Gentry recalled on the stand that Anderson did not seek to publicize the lawsuit. However, a newspaper employee found the record at the courthouse and the publication reported on the suit as well as a press release that was published verbatim. They also ran stories as details of the lawsuits unfolded.

“I wasn’t sure who Mildred Williams was… I left a message on her answering machine that if there was anything she wanted to talk about…” he said. “She didn’t call nor did Monica Hutchison or any of the lawyers…”

Gentry, when asked, recalled an incident in the spring where Anderson appeared at his office and complained about the publicity and was “angry, very agitated.”

Others had similar stories. Officials called to testify included Marci Mosley, circuit clerk; and Melinda Hudson, associate court clerk.

Hudson was present when Anderson called her and Williams into an empty office and shut the door.

“He was yelling at us and stepped toward Millie and said ‘As far as you’re concerned, you’re dead to me.’ “

Mosley was outside that office and could hear Anderson yelling. “When he came out he slammed his fist down on a file cabinet and said (to Williams), ‘You’d better not be talking about me, woman.'”

Hudson recalled that Anderson would come into the office and glare at Millie and make smirking faces.

She testified she had never witnessed Williams initiate conflict; she has seen Anderson initiate conflict.

Mosley testified that once Anderson sat down by her desk, took out his cell phone, aimed it at Williams and took a photo. “It made a chimpanzee or monkey sound,” she said.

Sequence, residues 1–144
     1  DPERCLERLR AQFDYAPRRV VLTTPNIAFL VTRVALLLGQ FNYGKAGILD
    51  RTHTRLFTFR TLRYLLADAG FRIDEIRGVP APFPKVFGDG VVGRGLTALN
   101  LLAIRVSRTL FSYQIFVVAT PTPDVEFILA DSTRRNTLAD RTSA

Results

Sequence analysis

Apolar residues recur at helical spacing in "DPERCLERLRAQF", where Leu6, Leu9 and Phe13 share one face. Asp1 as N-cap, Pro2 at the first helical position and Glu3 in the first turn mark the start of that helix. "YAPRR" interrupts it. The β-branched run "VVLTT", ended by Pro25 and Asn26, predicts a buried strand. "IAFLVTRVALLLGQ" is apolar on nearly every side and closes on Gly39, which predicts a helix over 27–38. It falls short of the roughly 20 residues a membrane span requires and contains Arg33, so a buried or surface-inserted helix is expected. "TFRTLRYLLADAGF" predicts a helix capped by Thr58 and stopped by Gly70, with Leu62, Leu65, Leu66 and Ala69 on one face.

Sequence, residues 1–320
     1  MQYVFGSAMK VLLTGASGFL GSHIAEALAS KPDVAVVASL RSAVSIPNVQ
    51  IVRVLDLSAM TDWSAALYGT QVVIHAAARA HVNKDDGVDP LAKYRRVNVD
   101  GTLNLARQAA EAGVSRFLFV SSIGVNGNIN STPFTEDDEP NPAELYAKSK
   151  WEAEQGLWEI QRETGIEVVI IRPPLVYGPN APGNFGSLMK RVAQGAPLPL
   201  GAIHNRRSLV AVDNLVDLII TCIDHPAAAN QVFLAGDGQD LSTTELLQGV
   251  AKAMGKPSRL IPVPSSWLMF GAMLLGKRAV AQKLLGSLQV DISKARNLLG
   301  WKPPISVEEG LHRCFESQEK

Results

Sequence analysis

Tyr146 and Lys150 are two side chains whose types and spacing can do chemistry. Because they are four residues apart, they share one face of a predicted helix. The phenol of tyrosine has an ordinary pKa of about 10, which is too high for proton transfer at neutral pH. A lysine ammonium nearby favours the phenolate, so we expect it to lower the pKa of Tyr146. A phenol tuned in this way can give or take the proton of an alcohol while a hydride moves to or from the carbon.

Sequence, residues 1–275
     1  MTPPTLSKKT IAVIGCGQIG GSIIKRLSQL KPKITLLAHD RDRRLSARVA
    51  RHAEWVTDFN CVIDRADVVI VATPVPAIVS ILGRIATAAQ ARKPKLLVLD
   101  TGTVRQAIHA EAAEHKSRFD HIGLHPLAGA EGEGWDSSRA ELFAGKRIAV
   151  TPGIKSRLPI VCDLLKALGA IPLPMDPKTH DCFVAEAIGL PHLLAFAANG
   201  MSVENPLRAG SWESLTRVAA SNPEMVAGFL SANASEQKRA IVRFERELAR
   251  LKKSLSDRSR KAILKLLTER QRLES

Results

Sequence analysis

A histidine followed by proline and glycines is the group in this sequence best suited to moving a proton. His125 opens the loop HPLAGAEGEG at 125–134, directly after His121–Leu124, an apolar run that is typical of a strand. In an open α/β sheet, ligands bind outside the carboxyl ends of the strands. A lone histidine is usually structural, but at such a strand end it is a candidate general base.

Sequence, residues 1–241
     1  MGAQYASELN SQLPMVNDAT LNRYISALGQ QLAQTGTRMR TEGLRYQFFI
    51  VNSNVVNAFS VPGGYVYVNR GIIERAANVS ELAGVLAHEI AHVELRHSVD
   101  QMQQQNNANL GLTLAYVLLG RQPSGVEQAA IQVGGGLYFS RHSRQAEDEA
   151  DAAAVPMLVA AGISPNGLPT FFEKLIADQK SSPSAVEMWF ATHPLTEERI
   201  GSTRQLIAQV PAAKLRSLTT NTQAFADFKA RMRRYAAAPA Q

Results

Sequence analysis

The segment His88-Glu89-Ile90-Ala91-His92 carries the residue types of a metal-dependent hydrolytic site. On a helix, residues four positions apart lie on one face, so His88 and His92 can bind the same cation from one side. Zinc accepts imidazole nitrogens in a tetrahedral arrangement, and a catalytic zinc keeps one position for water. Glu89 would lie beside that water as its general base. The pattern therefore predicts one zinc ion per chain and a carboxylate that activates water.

Mosley or Hudson testified they had never heard Williams say a disparaging remark about Anderson, and they have no knowledge of a sex ring.

Both women testified they had noticed changes in Williams’ appearance and demeanor since Anderson’s lawsuit was filed.

Judge Doug Gaston testified that Williams is “a great worker, does good on the job… has a few issues handling things emotionally.”

Before court recessed until Monday, a video was played of the testimony of Judge Mary Sheffield.



A timeline was added and additional information included in this story on Sept. 18, 2011. 

(The lawsuit) will follow me forever wherever I go,” saidWilliams, who is a court clerk at the Texas County Justice Center.”When people realize who I am – the sex ring woman – I signeverything… They can pretty much figure it out.

Dec. 1, 2005 – Michael Anderson fired Monica Daniels Hutchisonaccusing her of talking about him and preparing to file a sexualharassment suit. A week later she was persuaded to come back towork for him.

Dec. 18, 2005 – Anderson showed up at Hutchison’s home at about1:20 a.m. Apparently impaired, he banged on doors and windows andwiggled knobs while yelling and cursing.

Dec. 23, 2005 – Anderson asked Hutchison for the answeringmachine tape. She refused. After he obtained a search warrant forthe tape, she handed it over and quit that day.

May 31, 2006 – Anderson filed a civil lawsuit against Hutchisonand county employee Mildred Williams. He alleged they libeled andslandered him as well as planned to coordinate and orchestrate aswinger style sex ring out of the courthouse. The suit wasdismissed by Anderson 40 days later.

January 2009 – Hutchison filed a federal suit after gettingpermission from the Equal Employment Opportunity Commission. OnMarch 30, 2011, it was settled out of court and sealed by a federaljudge.

July 2009 – Williams filed her lawsuit against Anderson.